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Full-Text Articles in Evidence

Survey Of Washington Search And Seizure Law: 2013 Update, Justice Charles W. Johnson, Justice Debra L. Stephens Jul 2013

Survey Of Washington Search And Seizure Law: 2013 Update, Justice Charles W. Johnson, Justice Debra L. Stephens

Seattle University Law Review

This survey is intended to serve as a resource to which Washington lawyers, judges, law enforcement officers, and others can turn as an authoritative starting point for researching Washington search and seizure law. In order to be useful as a research tool, this Survey requires periodic updates to address new cases interpreting the Washington constitution and the U.S. Constitution and to reflect the current state of the law. Many of these cases involve the Washington State Supreme Court’s interpretation of the Washington constitution. Also, as the U.S. Supreme Court has continued to examine Fourth Amendment search and ...


Full Disclosure: Cognitive Science, Informants, And Search Warrant Scrutiny, Mary Bowman Mar 2013

Full Disclosure: Cognitive Science, Informants, And Search Warrant Scrutiny, Mary Bowman

Mary N. Bowman

Full Disclosure: Cognitive Science, Informants, and Search Warrant Scrutiny

By Mary Nicol Bowman

This article posits that cognitive biases play a significant role in the gap between the rhetoric regarding Fourth Amendment protection and actual practices regarding search warrant scrutiny, particularly for search warrants based on informants’ tips. Specifically, this article examines the ways in which implicit bias, tunnel vision, priming, and hindsight bias can affect search warrants. These biases can affect each stage of the search warrant process, including targeting decisions, the drafting process, the magistrate’s decision whether to grant the warrant, and post-search review by trial and ...


Comments On Maryland V. King In 'U.S. Supreme Court To Hear Arguments Over Md. Dna Case: Justices' Decision Will Have National Implications On Future Crime-Fighting Procedures', Colin Starger Feb 2013

Comments On Maryland V. King In 'U.S. Supreme Court To Hear Arguments Over Md. Dna Case: Justices' Decision Will Have National Implications On Future Crime-Fighting Procedures', Colin Starger

All Faculty Scholarship

No abstract provided.


New York V. Belton: The Scope Of Warrantless Searches Extended, Glenn D. Forcucci Feb 2013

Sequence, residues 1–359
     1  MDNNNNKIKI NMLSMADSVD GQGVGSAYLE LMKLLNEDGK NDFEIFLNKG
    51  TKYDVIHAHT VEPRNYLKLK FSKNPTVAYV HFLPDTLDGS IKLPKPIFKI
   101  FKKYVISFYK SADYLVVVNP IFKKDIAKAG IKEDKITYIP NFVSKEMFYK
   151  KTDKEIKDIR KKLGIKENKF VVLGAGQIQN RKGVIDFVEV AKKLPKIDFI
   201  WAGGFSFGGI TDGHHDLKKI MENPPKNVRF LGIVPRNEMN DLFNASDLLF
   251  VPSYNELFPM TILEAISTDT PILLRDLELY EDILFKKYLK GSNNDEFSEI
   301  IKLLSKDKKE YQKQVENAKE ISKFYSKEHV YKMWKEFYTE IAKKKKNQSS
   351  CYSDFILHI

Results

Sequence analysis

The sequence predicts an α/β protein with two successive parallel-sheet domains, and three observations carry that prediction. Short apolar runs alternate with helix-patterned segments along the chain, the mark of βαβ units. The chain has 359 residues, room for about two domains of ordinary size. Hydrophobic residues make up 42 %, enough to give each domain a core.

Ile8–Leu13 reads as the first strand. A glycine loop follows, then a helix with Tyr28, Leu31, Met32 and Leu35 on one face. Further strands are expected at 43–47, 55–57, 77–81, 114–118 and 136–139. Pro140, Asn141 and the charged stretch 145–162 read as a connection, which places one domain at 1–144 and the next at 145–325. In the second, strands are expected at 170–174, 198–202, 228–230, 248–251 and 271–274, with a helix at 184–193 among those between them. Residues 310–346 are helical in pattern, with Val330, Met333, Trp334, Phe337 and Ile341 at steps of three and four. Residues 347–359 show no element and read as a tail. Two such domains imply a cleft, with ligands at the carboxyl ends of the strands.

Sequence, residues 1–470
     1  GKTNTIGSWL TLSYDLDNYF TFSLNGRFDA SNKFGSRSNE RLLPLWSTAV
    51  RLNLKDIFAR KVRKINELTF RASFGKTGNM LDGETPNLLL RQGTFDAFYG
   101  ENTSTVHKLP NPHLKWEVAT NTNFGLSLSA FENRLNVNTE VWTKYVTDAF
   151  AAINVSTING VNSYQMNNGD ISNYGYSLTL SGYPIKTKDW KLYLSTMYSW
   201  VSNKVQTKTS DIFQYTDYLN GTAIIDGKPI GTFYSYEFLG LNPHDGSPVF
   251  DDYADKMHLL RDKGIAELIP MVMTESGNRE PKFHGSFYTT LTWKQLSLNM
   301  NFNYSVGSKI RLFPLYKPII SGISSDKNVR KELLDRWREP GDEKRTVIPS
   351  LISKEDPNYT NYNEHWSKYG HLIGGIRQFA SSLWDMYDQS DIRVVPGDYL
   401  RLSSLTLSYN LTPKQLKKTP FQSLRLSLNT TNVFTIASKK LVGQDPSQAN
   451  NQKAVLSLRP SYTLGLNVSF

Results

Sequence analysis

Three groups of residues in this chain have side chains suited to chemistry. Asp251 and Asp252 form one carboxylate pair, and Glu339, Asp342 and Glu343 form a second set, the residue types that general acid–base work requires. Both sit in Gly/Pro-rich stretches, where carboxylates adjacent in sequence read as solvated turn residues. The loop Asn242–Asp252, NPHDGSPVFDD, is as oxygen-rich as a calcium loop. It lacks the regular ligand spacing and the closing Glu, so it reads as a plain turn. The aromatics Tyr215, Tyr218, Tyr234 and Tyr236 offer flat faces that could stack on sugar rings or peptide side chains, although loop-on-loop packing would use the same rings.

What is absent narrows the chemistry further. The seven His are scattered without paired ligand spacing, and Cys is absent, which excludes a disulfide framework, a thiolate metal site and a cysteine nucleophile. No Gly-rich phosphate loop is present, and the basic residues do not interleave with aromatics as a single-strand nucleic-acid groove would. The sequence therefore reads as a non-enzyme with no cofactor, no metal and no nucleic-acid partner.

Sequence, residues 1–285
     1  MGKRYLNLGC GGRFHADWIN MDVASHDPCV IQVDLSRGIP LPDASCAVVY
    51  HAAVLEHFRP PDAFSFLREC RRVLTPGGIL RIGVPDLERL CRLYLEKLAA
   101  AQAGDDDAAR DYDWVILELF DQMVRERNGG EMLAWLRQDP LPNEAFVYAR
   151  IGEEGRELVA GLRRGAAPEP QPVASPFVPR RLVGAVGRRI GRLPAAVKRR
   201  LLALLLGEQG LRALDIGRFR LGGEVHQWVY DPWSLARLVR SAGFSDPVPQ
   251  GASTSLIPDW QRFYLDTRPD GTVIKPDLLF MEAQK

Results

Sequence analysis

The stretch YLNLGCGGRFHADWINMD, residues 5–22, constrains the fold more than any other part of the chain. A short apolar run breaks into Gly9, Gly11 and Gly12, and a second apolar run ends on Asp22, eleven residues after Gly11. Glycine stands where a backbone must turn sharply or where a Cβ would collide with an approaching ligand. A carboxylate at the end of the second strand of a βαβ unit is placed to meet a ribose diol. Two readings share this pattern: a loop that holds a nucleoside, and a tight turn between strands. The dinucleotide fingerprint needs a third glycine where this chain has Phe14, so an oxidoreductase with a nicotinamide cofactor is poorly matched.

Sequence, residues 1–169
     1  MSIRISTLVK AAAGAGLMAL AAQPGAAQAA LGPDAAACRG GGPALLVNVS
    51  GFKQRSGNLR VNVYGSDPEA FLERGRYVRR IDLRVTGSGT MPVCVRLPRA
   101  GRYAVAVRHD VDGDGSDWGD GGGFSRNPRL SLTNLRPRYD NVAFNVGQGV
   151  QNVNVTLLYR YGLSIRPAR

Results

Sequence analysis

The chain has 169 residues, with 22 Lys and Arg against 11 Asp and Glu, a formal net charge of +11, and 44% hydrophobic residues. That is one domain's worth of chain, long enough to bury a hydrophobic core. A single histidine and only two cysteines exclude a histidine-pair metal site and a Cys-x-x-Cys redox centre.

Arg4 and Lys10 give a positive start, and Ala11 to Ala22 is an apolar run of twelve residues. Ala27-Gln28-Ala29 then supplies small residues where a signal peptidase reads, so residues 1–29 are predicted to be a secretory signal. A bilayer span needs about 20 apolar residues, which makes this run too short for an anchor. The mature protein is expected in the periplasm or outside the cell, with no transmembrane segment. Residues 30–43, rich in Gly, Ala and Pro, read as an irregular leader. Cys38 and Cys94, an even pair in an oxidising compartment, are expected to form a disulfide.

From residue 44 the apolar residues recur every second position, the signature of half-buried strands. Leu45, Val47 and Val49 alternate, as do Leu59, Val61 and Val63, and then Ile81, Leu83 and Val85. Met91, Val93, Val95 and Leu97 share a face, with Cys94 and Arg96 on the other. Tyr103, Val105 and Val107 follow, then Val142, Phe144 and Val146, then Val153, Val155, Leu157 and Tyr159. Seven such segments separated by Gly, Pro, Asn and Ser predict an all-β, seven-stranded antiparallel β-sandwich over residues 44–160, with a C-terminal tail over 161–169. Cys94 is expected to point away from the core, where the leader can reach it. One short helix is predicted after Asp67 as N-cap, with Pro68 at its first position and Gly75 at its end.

New York V. Belton: The Scope Of Warrantless Searches Extended, Glenn D. Forcucci

Pepperdine Law Review

The United States Supreme Court, in New York v. Belton, expanded the area in which a policeman may search after he has made a lawful custodial arrest. In so ruling, the Supreme Court dramatically departed from its previous holding in Chimel v. California. While Chimel limited the area of the search to the area "within the immediate control of the arrestee," Belton allowed a search outside of that established boundary, as the Supreme Court allowed the search to include the passenger compartment of an automobile which the arrestee had not occupied.


Timeless Trial Strategies And Tactics: Lessons From The Classic Claus Von Bülow Case, Daniel M. Braun Feb 2013

Timeless Trial Strategies And Tactics: Lessons From The Classic Claus Von Bülow Case, Daniel M. Braun

Daniel M Braun

In this new Millennium -- an era of increasingly complex cases -- it is critical that lawyers keep a keen eye on trial strategy and tactics. Although scientific evidence today is more sophisticated than ever, the art of effectively engaging people and personalities remains prime. Scientific data must be contextualized and presented in absorbable ways, and attorneys need to ensure not only that they correctly understand jurors, judges, witnesses, and accused persons, but also that they find the means to make their arguments truly resonate if they are to formulate an effective case and ultimately realize justice. A decades-old case is highly ...


Genetic Privacy And The Fourth Amendment: Unregulated Surreptitious Dna Harvesting, Albert E. Scherr Jan 2013

Genetic Privacy And The Fourth Amendment: Unregulated Surreptitious Dna Harvesting, Albert E. Scherr

Law Faculty Scholarship

Genetic privacy and police practices have come to the fore in the criminal justice system. Case law and stories in the media document that police are surreptitiously harvesting the DNA of putative suspects. Some sources even indicate that surreptitious data banking may also be in its infancy. Surreptitious harvesting of out-of-body DNA by the police is currently unregulated by the Fourth Amendment. The few courts that have addressed the issue find that the police are free to harvest DNA abandoned by a putative suspect in a public place. Little in the nascent surreptitious harvesting case law suggests that surreptitious data ...


Comments: Functional Magnetic Resonance Imaging And The Law Today: The Brain Is Reliable As A Mitigating Factor, But Unreliable As An Aggravating Factor Or As A Method Of Lie Detection, Kristina E. Donahue Jan 2013

Comments: Functional Magnetic Resonance Imaging And The Law Today: The Brain Is Reliable As A Mitigating Factor, But Unreliable As An Aggravating Factor Or As A Method Of Lie Detection, Kristina E. Donahue

University of Baltimore Law Review

No abstract provided.